Posted in Anthropology, Books, Brazil, Caribbean/Latin America, Health/Medicine/Genetics, Media Archive, Mexico, Monographs, Social Science on 2017-05-03 02:22Z by Steven

Degrees of Mixture, Degrees of Freedom: Genomics, Multiculturalism, and Race in Latin America

Duke University Press
2017-05-05
328 pages
Cloth ISBN: 978-0-8223-6358-3
Paperback ISBN: 978-0-8223-6373-6
12 illustrations

Peter Wade, Professor of Social Anthropology
University of Manchester

Race mixture, or mestizaje, has played a critical role in the history, culture, and politics of Latin America. In Degrees of Mixture, Degrees of Freedom, Peter Wade draws on a multidisciplinary research study in Mexico, Brazil, and Colombia. He shows how Latin American elites and outside observers have emphasized mixture’s democratizing potential, depicting it as a useful resource for addressing problems of racism (claiming that race mixture undoes racial difference and hierarchy), while Latin American scientists participate in this narrative with claims that genetic studies of mestizos can help isolate genetic contributors to diabetes and obesity and improve health for all. Wade argues that, in the process, genomics produces biologized versions of racialized difference within the nation and the region, but a comparative approach nuances the simple idea that highly racialized societies give rise to highly racialized genomics. Wade examines the tensions between mixture and purity, and between equality and hierarchy in liberal political orders, exploring how ideas and scientific data about genetic mixture are produced and circulate through complex networks.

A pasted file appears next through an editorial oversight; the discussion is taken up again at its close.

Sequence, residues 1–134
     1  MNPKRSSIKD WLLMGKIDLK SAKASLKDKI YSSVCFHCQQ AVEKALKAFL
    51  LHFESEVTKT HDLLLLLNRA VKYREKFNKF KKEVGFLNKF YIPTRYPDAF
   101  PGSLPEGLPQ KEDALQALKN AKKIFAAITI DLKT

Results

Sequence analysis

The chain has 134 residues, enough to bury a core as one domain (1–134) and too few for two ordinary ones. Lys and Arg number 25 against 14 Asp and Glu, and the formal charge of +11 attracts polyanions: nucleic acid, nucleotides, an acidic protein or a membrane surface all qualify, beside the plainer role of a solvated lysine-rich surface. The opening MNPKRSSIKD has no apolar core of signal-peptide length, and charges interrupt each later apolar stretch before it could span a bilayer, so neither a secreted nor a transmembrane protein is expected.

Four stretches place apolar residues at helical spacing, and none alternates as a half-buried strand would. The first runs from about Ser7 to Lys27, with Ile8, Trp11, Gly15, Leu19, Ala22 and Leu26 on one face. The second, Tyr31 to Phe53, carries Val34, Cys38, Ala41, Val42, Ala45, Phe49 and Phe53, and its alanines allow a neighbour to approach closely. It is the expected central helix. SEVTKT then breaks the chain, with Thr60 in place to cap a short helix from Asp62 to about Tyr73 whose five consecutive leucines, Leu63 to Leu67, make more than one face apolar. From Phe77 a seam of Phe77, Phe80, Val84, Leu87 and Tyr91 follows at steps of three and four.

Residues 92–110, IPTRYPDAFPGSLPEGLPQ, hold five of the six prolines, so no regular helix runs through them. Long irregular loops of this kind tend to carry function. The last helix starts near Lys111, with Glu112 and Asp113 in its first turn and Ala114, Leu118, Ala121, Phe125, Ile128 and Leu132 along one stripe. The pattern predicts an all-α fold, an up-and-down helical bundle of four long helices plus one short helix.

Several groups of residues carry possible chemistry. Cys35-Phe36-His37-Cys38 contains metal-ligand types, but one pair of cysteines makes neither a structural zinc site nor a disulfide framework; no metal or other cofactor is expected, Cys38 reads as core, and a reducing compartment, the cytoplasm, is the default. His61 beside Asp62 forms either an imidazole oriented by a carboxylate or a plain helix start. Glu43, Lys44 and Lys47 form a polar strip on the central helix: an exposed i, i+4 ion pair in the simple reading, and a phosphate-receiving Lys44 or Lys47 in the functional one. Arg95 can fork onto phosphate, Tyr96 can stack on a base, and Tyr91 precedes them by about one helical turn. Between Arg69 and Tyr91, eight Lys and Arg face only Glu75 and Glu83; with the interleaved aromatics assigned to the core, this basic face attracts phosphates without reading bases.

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Exploring Mexico’s African Heritage with Dr. Marco Polo Hernández

Posted in Articles, Caribbean/Latin America, History, Media Archive, Mexico on 2017-04-29 22:38Z by Steven

Exploring Mexico’s African Heritage with Dr. Marco Polo Hernández

Los Afro-Latinos: A Blog Following the Afro-Latino Experience
2012-12-09

Nicolle Morales Kern

“We need to look deeper into our Africanness to understand ourselves,” says Dr. Marco Polo Hernández, a professor of Spanish and Afro-Hispanic studies at North Carolina Central University, in a recent phone interview. Mexico’s African heritage is not normally discussed or highlighted in conversation, or even education. But, Dr. Hernández, who holds a Ph.D. in Hispanic and Italian Studies from the University of British Columbia, a M.A. in Spanish Language and Peninsular and Latin American literatures, and a B.A. in General Studies & Spanish language and literatures from Portland State University, says that is slowly starting to change.

Growing up in Mexico City, Dr. Marco Polo Hernández Cuevas was not raised in a household or a society that highlighted the African influence on Mexico. While Father José María Morelos, who led the Independence movement from 1811 to 1815, is talked about, his African heritage is not. In school, everyone was told that they were mestizos (racially mixed), as most Latinos believe they are because the country’s African roots are rarely discussed…

Read the entire article here.

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The Strange Career of William Ellis

Posted in Biography, Caribbean/Latin America, History, Media Archive, Mexico, Passing, Texas, United States, Videos on 2017-04-15 23:40Z by Steven

The Strange Career of William Ellis

C-SPAN
2017-04-08

Karl Jacoby talked about his book, The Strange Career of William Ellis: The Texas Slave Who Became a Mexican Millionaire. He spoke at the 5th annual San Antonio Book Festival.

Watch the video (00:45:45) here.